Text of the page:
A few years back we were extremely fortunate here at the State Library to be on the receiving end of a marvellous (and large!) collection of vinyl record albums from the estate of Kevin James. Kevin lived in NSW and, as an avid music lover, was also an avid collector of recordings; happily for us some of his favourite genres also happen to be ours as well, including film music and musical theatre. Kevin lived in a regional town and was heavily involved in the local arts scene, including the theatre and local radio station on which he hosted his own show.
This extraordinary collection of records, numbering in excess of 3000 albums, was built up by Kevin over many years and used as content for his broadcasts, as well as his work in the theatre and entertainment at home. Quite apart from the bewildering depth and variety on show, I stand in awe of a collector who amassed such a wonderful treasure trove in an era well and truly pre-Internet (or anything even vaguely like it!), and who must have spent hour upon hour searching out catalogues, contacting overseas suppliers, drawing international money-orders, etc., etc. in order to build what is probably a unique sound collection here in Australia. Now that’s what I call collecting, and we are all the richer for Kevin’s passionate endeavours.
I’ll be highlighting the collection over the coming months (it could take years!), but here is just a random sample of some of the soundtrack albums to be found, complete with glorious cover art.
Just a couple of albums from John Barry, famous for so many James Bond films, and so much more as well.
Not the original soundtrack album for The Caine Mutiny (considered one of the most sought after albums of all time due to its withdrawal by the studio within days of its release), but a later private pressing; a real curio.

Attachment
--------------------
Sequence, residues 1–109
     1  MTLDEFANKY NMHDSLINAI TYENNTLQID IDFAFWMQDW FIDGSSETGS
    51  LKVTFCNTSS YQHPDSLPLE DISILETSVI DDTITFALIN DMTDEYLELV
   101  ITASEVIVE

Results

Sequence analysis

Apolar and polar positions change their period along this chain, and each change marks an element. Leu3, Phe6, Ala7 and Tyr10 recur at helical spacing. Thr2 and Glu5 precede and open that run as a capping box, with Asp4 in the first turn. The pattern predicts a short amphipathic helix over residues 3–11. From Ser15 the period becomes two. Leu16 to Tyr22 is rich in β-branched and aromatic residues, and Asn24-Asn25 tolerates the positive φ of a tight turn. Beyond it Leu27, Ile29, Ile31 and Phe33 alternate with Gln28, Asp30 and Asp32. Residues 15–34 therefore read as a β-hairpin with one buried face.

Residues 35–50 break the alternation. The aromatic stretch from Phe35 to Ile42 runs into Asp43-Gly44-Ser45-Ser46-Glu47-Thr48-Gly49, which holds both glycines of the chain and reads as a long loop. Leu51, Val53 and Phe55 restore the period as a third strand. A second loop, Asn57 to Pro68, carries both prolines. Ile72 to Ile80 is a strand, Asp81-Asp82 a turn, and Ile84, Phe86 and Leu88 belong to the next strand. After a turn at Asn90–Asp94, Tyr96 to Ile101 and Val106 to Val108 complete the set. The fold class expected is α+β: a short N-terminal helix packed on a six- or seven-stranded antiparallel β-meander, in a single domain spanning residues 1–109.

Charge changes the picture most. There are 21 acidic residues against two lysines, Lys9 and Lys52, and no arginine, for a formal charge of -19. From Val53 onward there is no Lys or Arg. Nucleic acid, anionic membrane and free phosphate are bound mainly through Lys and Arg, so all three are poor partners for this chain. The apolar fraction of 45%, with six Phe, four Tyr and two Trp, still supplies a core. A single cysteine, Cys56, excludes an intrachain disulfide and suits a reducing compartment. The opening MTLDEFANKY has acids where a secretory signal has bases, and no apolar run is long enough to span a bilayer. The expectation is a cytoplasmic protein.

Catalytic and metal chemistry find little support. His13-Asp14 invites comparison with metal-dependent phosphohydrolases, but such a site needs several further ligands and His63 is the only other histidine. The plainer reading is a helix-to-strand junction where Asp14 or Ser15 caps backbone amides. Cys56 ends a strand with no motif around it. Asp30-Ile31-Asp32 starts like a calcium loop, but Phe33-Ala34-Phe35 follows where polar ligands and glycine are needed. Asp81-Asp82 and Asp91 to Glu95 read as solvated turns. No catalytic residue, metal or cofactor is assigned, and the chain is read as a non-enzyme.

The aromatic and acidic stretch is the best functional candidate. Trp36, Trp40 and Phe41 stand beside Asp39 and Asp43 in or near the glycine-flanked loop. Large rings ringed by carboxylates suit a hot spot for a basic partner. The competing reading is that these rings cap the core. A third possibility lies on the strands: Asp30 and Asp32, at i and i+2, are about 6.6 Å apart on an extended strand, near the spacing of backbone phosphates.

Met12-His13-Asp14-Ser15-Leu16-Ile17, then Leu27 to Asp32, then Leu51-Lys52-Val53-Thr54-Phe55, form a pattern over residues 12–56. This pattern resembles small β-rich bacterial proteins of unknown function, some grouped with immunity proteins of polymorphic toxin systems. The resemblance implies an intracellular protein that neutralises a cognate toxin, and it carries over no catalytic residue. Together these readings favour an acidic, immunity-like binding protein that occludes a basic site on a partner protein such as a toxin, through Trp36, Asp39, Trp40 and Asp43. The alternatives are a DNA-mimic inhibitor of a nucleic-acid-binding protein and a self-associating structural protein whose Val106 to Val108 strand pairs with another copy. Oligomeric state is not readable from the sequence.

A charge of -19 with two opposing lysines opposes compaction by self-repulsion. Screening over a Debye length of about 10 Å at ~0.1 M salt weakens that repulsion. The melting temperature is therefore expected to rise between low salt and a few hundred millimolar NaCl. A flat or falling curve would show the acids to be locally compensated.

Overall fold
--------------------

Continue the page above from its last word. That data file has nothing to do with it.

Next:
One of Hitchcock’s less revered films, Marnie still has its supporters, and it’s hard for a Hitchcock movie to be anything less than interesting. Bernard Herrmann was similarly incapable of writing music ever less than compelling.
Tony Richardson’s film The Charge of the Light Brigade has grown in stature over the years following its less than successful premiere in 1968 when its harrowing portrayal of military and political incompetence failed to gain an appreciative audience. John Addison’s score however was recognised as a masterly piece of work from the outset, counterpointing, highlighting and mocking the unravelling disaster with unerring precision.
Kevin James Collection
Considered something of a turkey in its day (and yes, even now), Taras Bulba nonetheless boasts one of Franz Waxman’s finest scores, which is no small accolade given that he also composed the music for films such as Sunset Boulevard, Rebecca and The Philadelphia Story.
John Williams, Star Wars, what more needs to be said? Arguably the most famous film score in history. And that uncompromising cover…..
So far we have well over 2000 of Kevin’s albums accessible via the Library catalogue, with more appearing on an almost weekly basis, thanks to the mighty efforts of Sandra from our Manuscripts Collection.They can be ordered from our offsite store by contacting Library staff and you can listen to them in our Heritage Collections Reading Room here at the mother-ship. The only problem is, where does one begin?